I get emails from students asking advice about breaking into games, film, the industry. And I thought I'd share some responses with you!
And to be clear, I'm not really posting this because I feel like I'm wise or quotable or anything like that, I'm just hoping animation students might get something from it, since I know sometimes it can be hard to stay motivated.
Thanks so much for the message dude! Sorry for the late response, we're pretty crazed around here and I wanted to set aside some good time, so pardon my stream of consciousness answers =).
Yeah so, As highly as I think of online courses like Animation Mentor, IAnimate, etc, and lord knows its done so much for me, I would always recommend at least having the experiences of an actual brick-and-mortar school, and obviously Sheridan is in the top-tier of animation schools, But man, there's just something about the energy, and the esprit-de-corps you get with the other students, on campus, pullin all nighters in the lab, stressin to make deadlines, that sort of thing yknow?! You learn so much from each other, and it really brings everyone together. I only had about 2 years of that at the Art Institute of Seattle, but I wouldn't trade it for anything. So , the Sheridan route, can bring nothing but good things for you, especially since you already seem to have a firm grasp of the fundamentals of animation. Sheridan can push you to be an artist!
It was tough transitioning from games to film actually, really tough. You spend all day animating for your day job, but at the end of the day, none of my work was really applicable for a reel you might submit for a film job. So you're animating around the clock, doing new work after hours, taking courses like AM or I-Animate. It didn't happen right away for me either, it took years and years and a lot of rejection letters! So at times it's discouraging. But you know what they say, if you really want it , you'll keep trying and eventually you'll get it.
For me specifically, what happened was, a fellow student from AM, Rich Fournier, landed a temp gig at Blue Sky on Ice Age 3. He got that temp gig because he made a good impression on one of his mentors from AM. He busted his ass and performed well on that movie , so they eventually called him back for a full-time gig ! We had always kept in touch, he asked me how I was doing one day, and I remember that time in 2009, I had just been turned down for the Disney Animation internship, so I was feeling pretty down. He mentioned that Blue Sky was hiring full-timers, I thought I had absolutely no chance because I was turned from Blue Sky the year before, but he encouraged me to send him my reel anyway, and he would put in a good word because he knew my work and work ethic from AM. At the same time, I met Jamaal Bradley back in Seattle, Jamaal had worked at Sony for a few years and was then doing a stint in games at Valve, but was going back to Disney for Tangled. I had never worked with him before, but he came across my blog , saw some passion and potential, and knew I was trying to break into feature films. He took it upon himself to contact me, impart advice, take me to lunch, all to just help me get my foot in the door. It was amazing! So when I told him I was applying to Blue Sky, he was like, "Oh? Well I know supes over there, let me shot them your demo reel, they'll have some influence." And he did that, so I was attacking Blue Sky from several angles really. So that's really how I got their attention. It was all people that did me favors, and went out of their way for me.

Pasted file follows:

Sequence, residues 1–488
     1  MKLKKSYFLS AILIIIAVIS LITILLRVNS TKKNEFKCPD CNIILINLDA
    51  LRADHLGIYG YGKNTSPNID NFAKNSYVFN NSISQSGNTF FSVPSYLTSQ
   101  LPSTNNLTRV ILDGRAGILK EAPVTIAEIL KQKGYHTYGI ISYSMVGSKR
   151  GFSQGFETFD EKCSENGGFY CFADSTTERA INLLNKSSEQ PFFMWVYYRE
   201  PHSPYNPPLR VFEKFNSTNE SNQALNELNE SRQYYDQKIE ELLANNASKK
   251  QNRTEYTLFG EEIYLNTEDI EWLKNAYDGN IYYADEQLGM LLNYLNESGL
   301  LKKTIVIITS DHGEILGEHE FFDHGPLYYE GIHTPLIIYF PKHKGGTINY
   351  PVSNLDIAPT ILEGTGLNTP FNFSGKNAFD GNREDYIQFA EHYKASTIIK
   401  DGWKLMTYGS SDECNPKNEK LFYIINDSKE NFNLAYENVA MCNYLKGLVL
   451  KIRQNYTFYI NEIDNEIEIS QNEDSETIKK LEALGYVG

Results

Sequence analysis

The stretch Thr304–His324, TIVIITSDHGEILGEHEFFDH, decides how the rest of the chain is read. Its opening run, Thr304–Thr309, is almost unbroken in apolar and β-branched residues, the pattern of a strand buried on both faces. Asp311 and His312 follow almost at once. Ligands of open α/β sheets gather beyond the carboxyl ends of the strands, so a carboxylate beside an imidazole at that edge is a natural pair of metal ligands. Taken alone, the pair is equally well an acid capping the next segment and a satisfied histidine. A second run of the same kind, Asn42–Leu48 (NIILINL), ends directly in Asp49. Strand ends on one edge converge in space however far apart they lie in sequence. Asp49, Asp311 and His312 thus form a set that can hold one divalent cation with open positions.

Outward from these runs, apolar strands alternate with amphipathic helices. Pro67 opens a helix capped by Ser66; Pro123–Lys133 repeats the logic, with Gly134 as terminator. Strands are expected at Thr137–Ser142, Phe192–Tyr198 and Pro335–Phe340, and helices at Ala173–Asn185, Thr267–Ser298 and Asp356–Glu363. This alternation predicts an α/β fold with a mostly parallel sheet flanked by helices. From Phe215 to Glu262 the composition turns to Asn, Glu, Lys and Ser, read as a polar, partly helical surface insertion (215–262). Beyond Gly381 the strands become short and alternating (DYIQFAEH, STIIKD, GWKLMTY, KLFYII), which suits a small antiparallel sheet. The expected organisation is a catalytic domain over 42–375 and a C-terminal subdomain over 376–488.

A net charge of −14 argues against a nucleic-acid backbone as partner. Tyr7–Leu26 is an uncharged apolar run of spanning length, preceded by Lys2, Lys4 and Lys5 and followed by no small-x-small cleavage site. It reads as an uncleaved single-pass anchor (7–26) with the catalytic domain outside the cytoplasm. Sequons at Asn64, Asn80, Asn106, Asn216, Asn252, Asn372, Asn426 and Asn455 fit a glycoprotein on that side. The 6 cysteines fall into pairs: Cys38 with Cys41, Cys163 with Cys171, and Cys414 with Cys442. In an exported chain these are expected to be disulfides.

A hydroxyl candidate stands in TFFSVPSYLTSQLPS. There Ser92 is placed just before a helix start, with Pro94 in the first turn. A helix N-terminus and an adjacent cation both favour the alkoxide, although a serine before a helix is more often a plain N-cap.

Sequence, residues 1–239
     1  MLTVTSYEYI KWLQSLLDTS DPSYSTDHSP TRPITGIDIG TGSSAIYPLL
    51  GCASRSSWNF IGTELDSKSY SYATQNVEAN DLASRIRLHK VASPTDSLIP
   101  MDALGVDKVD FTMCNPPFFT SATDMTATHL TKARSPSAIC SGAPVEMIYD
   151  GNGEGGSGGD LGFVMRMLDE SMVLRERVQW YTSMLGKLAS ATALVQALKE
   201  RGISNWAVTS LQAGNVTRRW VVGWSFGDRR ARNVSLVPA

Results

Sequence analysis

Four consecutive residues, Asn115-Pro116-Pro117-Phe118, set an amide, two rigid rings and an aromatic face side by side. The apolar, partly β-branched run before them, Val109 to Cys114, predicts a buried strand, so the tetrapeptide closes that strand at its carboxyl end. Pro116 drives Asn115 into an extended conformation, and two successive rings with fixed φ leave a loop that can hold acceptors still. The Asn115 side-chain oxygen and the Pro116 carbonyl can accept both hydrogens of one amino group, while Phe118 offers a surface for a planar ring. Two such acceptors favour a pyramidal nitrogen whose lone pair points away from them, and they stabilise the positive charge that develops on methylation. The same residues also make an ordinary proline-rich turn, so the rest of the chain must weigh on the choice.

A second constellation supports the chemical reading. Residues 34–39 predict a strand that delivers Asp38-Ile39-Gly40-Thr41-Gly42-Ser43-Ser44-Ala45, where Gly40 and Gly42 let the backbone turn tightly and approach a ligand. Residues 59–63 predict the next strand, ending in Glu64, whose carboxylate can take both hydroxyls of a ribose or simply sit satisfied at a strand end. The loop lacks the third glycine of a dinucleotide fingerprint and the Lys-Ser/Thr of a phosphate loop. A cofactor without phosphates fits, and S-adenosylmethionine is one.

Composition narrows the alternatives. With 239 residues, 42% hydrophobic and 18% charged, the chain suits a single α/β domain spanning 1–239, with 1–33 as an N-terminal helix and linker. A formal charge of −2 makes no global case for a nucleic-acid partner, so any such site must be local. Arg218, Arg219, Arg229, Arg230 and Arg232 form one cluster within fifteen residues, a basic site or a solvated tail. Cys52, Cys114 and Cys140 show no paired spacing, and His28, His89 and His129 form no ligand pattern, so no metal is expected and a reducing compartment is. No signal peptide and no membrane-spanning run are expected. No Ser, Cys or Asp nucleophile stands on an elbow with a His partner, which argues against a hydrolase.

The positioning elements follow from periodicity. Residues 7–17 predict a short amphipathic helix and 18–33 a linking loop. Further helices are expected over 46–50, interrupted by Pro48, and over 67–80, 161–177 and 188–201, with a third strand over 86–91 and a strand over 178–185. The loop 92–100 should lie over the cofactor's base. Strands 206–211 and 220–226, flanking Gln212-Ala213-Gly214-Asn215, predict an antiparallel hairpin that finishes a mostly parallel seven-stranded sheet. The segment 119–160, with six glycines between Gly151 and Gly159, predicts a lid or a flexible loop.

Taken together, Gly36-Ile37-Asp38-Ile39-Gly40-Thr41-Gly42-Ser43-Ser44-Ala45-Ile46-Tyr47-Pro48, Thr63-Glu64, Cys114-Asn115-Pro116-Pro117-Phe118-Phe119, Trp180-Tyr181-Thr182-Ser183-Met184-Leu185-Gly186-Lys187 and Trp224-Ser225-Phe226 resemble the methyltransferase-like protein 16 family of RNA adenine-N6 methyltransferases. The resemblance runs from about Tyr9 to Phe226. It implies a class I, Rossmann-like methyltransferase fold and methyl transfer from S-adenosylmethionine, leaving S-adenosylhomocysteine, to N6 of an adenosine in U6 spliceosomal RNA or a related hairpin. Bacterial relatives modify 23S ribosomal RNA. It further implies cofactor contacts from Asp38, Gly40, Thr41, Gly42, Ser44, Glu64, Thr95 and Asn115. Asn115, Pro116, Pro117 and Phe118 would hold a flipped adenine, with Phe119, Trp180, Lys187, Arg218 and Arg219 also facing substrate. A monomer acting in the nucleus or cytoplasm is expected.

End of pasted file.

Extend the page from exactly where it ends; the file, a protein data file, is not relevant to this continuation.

When they actually watched my reel, they said, "Well, you need to work on your polish.... but we like your ideas." I had a bit of my short film, and assignments from AM. But I think the ideas in my short film got me hired. So one thing I like to tell students now is to push for the best ideas, and specific characters. You'll spend your whole life refining your craft, but the things that will help you stand out are your ideas.
Breaking in is the hardest thing to do, but once you get in, don't half-step. You'll start to meet tons and tons of amazing animators, and your reputation and work are your biggest assets. You have to hit the ground running. Come in, do your best on your first shots, you'll get cast better shots, the better shots you get cast, the more opportunities you have to shine.
One thing I would always always recommend too is to get to know as many people as you can. Not to say you have to be schmoozy and talkin up everyone. But most of the opportunities that came my way, came because someone put in a good word for me, and that only happened because I made great relationships with people. Back at ArenaNet, Blue Sky, and even here at Disney, my favorite animators are always hard-working, extremely humble, talented, and won't ever hesitate to help other people. And there aren't a lot like those people. Start that work ethic even now, in school. Be that guy. And as karma works it's magic, you'll find others are more than willing to help you out with things. There's no room for arrogance. Because what starts to happen when you think you know everything, besides being known as an a-hole, is that you stop learning. One of my supes here at Disney, Tony Smeed, asks anyone, even trainees, for feedback on his work. He's very talented, but one of the reasons he's so good is because he's humble enough to learn from anywhere or anyone. Those are the kinds of guys that succeed in this business, they are constantly students and people want to work with them/ hire them.
Anyway I think I've rambled on enough! Again I appreciate the message, best of luck and remember to stay humble!